Cadogan Hall, London
July 19, 2017
This was a gala with a difference, the word ‘ballet’ appears in the title but the range of dance extended much further. The grand total of fifteen items included new creations dotted amongst the well-known classics and new graduates amongst the seasoned professionals. Another treat was the bijou orchestra, six members, piano and strings, tucked side-stage and softening the austerity of the Cadogan Hall, not the best of ballet venues.
Founder-director, Tom Attard-Manché’s stated mission is to open up the world of dance, one that, in his words promotes “the ethos of tolerance, inclusiveness and beauty.” Most dance people would not find a lot to disagree with here and Nafisah Baba dancing Near the place where your feet pass, choreographed by Laila Diallo, was the evidence. Baba, winner of BBC Young Dancer 2017, gave a terrific performance, dancing with fluid movement and interpretive strength in an evocative solo that finds focus on a pair of red boots placed centre stage.
More new choreography came from Nicola Gervasi of Northern Ballet. Looking at the Sky, bursting with power and energy was danced by fellow Northern Ballet dancer Matthew Koon. Hege Haagenrud’s Picture a vacuum – 4:18, the story of three lonely characters told in voice-over and choreographed in eloquent gestures was interpreted with simplicity and sincerity by Georgie Rose, Royal Ballet School trained and now with the Norwegian National Ballet. The only ensemble work, seven dancers in Umut Özdaloğlu’s Mana, was also newly choreographed. Intriguing costuming, flesh toned tights and cerise socks, enhanced the dramatic images and innovative structuring of his contemporary dance piece.
Valentino Zucchetti, first soloist at the Royal Ballet, featured as both dancer and choreographer. Vestris, choreographed by Leonid Jacobsen was a perfect vehicle for his considerable talents: a tour de force of virtuoso dance and mime laced with biting irony. His creation, Warp, showed an interesting development of ballet choreography. Innovative, sometimes moving out of focus but always thought-provoking, it was given an excellent performance by Alix Cameron-Martin and Sandy Nutall.
Ernst Meisner, better known to English audiences as a former dancer with the Royal Ballet and now Artistic Co-ordinator for the Junior Company of the Dutch National Ballet and a serious choreographic talent, wrote Embers, a stylish, edgy duet for Melissa Chapski, (JC) and James Stout (second soloist at DNB) to music by Max Richter. They also performed Hans van Manen’s Trois Gnossiennes. A well-matched pair, confident in the master’s austere uncluttered style, where simple walking patterns become poetry, their duets were among the evening’s highpoints.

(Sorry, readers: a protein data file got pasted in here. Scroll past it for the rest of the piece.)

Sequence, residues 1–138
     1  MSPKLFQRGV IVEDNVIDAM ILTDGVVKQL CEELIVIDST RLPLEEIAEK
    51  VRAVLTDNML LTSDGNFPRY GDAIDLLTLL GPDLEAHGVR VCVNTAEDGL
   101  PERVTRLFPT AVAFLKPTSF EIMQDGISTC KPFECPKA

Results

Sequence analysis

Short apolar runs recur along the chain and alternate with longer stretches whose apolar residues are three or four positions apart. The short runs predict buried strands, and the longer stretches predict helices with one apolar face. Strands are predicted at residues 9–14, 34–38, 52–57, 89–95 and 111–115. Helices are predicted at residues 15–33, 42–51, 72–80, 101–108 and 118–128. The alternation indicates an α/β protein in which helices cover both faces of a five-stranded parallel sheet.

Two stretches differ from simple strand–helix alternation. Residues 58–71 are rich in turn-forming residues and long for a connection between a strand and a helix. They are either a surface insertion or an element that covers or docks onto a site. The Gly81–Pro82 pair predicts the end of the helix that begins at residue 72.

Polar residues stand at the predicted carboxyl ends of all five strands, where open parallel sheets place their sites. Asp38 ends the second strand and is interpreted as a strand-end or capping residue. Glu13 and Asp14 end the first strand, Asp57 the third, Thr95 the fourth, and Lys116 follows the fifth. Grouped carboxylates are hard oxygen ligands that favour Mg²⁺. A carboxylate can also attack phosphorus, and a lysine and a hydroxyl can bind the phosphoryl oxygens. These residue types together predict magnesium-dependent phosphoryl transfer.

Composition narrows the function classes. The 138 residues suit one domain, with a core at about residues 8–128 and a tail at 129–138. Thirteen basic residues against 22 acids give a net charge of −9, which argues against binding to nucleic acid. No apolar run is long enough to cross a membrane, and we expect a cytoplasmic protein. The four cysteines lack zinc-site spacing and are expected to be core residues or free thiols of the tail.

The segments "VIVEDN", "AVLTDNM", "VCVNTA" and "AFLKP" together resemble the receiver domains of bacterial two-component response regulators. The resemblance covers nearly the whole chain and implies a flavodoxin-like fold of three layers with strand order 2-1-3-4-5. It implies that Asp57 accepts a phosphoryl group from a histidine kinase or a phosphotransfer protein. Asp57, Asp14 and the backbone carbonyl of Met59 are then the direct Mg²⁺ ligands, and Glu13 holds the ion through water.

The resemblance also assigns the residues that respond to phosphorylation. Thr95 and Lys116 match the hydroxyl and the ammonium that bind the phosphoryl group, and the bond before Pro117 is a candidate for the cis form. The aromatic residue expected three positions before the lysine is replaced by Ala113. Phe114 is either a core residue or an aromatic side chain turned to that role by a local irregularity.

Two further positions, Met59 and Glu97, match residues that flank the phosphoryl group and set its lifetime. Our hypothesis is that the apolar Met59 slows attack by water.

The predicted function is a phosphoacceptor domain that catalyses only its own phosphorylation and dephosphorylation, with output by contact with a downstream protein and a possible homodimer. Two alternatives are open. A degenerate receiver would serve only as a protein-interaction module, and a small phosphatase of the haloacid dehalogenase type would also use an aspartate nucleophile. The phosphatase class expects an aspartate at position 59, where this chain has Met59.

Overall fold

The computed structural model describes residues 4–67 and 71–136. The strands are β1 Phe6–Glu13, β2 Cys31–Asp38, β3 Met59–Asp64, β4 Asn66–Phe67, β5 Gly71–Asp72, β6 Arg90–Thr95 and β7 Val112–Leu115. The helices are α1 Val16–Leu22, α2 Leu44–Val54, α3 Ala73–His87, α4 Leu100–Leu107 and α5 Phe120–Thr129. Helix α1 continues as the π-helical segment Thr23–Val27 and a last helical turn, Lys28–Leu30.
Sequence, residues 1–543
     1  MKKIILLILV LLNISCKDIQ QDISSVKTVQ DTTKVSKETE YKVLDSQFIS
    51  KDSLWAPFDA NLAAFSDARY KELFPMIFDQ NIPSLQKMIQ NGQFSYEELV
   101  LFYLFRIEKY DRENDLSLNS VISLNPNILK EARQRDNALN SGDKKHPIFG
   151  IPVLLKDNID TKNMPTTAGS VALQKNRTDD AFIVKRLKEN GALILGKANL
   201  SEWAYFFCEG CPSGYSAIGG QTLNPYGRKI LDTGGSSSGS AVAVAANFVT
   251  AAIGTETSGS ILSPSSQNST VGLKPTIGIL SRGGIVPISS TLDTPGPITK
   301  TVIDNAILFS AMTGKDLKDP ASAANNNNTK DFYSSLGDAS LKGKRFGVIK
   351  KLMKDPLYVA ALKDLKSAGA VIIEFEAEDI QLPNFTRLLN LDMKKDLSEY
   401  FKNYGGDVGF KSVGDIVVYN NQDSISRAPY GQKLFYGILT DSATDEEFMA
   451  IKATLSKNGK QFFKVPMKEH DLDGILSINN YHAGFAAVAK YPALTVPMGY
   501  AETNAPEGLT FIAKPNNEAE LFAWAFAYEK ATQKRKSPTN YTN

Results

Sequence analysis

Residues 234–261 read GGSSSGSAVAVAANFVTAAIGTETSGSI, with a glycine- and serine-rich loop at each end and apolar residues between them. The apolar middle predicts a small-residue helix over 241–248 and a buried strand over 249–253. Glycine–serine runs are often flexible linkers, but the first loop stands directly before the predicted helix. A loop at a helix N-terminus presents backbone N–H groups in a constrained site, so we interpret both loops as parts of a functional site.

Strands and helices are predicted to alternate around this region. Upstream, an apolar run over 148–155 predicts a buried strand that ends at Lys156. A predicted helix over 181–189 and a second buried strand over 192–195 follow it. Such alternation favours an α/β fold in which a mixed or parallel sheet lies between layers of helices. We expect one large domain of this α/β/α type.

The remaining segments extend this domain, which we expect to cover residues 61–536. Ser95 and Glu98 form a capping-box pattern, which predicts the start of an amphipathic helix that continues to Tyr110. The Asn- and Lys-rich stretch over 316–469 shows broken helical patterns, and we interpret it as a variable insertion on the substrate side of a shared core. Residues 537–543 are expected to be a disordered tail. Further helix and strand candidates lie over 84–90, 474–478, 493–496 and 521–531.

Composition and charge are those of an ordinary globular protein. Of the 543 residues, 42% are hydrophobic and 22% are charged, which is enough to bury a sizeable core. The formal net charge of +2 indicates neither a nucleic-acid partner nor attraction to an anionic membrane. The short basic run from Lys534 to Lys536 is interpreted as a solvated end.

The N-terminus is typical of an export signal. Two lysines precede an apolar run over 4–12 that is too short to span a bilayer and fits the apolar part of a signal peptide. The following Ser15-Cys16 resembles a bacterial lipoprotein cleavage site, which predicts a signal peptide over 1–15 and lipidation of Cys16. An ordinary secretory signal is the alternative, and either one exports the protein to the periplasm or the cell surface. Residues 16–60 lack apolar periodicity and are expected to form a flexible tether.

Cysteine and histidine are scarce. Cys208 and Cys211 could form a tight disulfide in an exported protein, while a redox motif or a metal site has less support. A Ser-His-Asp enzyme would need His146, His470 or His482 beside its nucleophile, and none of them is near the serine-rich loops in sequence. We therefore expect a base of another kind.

Benjamin Millepied’s La nuit s’achève, one of his loveliest choreographies, was danced by Ambre Chiarcosso and Paul Marque of the Paris Opéra Ballet. Tender and intimate, a relationship shared in the dance, it had moments of joy and strength and a poignant understated finish. Chiarcosso was less successful in her Grand Pas Classique danced with Loick Pireaux, an exceptionally tall dancer from Rome Opera Ballet. Each had their moments of brilliance, notably her balances and his tours, and, although the performance was uneven, it had the flashes of excitement this flamboyant work needs. Marque had the chance to show his fine classical style, closing the first half with the effervescent Mazurka from Étude. Scott McKenzie from the Vienna State Ballet danced the Nureyev version of the Prince’s Sleeping Beauty Vision Scene solo. It is a fiendishly difficult variation, particularly when taken out of context, but he showed clean, strong technique and an elegant line.
Professionalism came to the fore in the Sleeping Beauty pas de deux danced by Gina Scott and Vaclav Lamparter from Dresden Semperoper Ballett. They opened the Gala and if the first steps showed a trace of nerves, that soon dissipated in the sweeping musical phrases of the pas de deux. Lamparter’s solo was taken at a particularly slow tempo which did little to build the dynamics but gave the opportunity to display his elegance and technical clarity. Meticulous musical phrasing and precision pointes added sparkle to Scott’s variation and they fired up to a radiant coda.
On the whole, the classical extracts fared less well than the newer works. The Dying Swan is a particular challenge for a young dancer and Isabella McQuire Mayes, the first British graduate from the Vaganova Academy, struggled to get beyond the bourrées and into the soul of the work. It was a similar story with the Black Swan Pas de Deux danced by Katherine Higgins and Joseph Aumeer both very promising dancers from the Paris Opéra. Aumeer is a supremely elegant dancer and Higgins a strong virtuoso – she whipped off the fouettés with no trouble – but the meaning of the work and the relationship, was harder to find.
Tom Attard-Manché is to be commended for his brave venture. It was good to see so many British dancers, like Scott, Stout, Rose, Aumeer and Mayes performing back on home soil and so many up-and-coming dancers given exposure. A platform for new choreography is always welcome but the young dancers performing demanding classical works away from their mentors and without the help of wardrobe, (there were some truly terrible tutus) were very exposed. However, the audience embraced both classical and new with enthusiasm and gave the performers a tremendous ovation.